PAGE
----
As the Jerry Sandusky child sexual abuse scandal at Penn State quickly roiled to a boil, Bobby Bowden was asked by that school’s student newspaper about the controversy that had ensnared his long-time friend in its far-reaching clutches. Calling Joe Paterno ” a wise man”, the former Florida State head coach said he’d withhold judgment until additional information surfaced.
“I just hate it,” Bowden told the Daily Collegian early in the week. “Whatever happens, I don’t think I’m going to like. I just have to wait to see what’s going to happen.”
Three days after his coaching contemporary’s firing, Bowden opened up and, in somewhat of a mild surprise, was critical of the former Nittany Lion head coach. Speaking at a Fellowship of Christian Athletes luncheon Saturday, Bowden used the word “negligent” when talking about his feelings for the situation that’s unfolding in State College, particularly as it relates to Paterno’s role.
“It’s sad what happened at Penn State,’’ Bowden told the Albany Herald in his first public comments since Paterno’s firing Wednesday. “Joe was a little negligent. …
“It’s a shocking story. The worst thing is what the guy did to those boys, then the second thing is the fact that Penn State kept it quiet. They could have stopped it, about eight years of it, or nine years of it. Now you had eight, nine years. There’s no telling how many kids were affected after that.”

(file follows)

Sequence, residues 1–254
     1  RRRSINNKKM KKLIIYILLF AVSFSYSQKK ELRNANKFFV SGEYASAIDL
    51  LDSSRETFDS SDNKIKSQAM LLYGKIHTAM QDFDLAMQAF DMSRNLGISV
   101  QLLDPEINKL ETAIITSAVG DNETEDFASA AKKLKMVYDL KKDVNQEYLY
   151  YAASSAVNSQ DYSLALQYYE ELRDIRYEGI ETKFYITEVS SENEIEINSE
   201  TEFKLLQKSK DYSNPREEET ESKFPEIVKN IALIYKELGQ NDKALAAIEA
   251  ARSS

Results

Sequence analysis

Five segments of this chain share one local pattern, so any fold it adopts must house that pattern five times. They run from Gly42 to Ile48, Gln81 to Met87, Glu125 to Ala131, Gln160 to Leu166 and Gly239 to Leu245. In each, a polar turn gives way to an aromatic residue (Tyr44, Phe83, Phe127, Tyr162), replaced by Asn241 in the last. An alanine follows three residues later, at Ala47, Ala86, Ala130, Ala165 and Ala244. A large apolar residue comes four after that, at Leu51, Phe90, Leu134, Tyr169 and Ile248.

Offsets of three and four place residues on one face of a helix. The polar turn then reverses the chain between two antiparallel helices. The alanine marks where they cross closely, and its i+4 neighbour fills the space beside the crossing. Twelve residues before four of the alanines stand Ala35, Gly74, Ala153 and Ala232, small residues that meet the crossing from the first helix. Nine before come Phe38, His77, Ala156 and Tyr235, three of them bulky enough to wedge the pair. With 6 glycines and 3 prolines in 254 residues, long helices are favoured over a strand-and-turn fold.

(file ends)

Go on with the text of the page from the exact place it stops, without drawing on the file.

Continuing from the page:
Paterno and other Penn State officials have come under fire for their handling of information that may have prevented additional children from being victimized by Sandusky, who was indicted last week on 40 counts relating to the sexual abuse of children. According to the grand jury presentment in Sandusky’s indictment, the former Nittany Lions defensive coordinator was witnessed by a then-grad assistant — Mike McQueary, who is currently on administrative leave — sodomizing a 10-year-old boy in the shower of the football program’s building. In part because of how that information was handled, Paterno and president Graham Spanier were fired, and athletic director Tim Curley, who was charged with two counts related to the scandal, is likely next on the firing line.
There were some who questioned or were highly critical of Paterno’s firing, stating rather vociferously that the coaching legend should’ve been permitted to finish out the season before retiring. Bowden, again surprisingly, is not one of those people.
“No, I wouldn’t say that,’’ Bowden said when asked if he was bothered by how Paterno’s firing was handled. “The thing is … How much did he know? I don’t know. Just listening to him talk, he must have known more than he should have said. Because he said [when he announced his retirement shortly before his firing], ‘I wish I would have done more.’ …
“I know this, there’s no nice way to dismiss somebody. That’s not what upsets me. What happened to those young boys is what upsets me. It shouldn’t have happened because somebody didn’t report it. They could have cut it out eight or nine years ago.”
Bowden and Paterno were each elected to the College Football Hall of Fame in 2006, and spent a portion of the latter part of their careers passing each other for the career record in wins. Despite the fact that the two are “pretty doggone close” as Bowden put it, the ex-coach and cancer survivor said he hasn’t talked to Paterno and has no plans to for the foreseeable future, in large part because he wouldn’t know what to say to him.
If it’s anything like what he said publicly, we’re guessing JoePa wouldn’t really want to hear it from him right now anyway.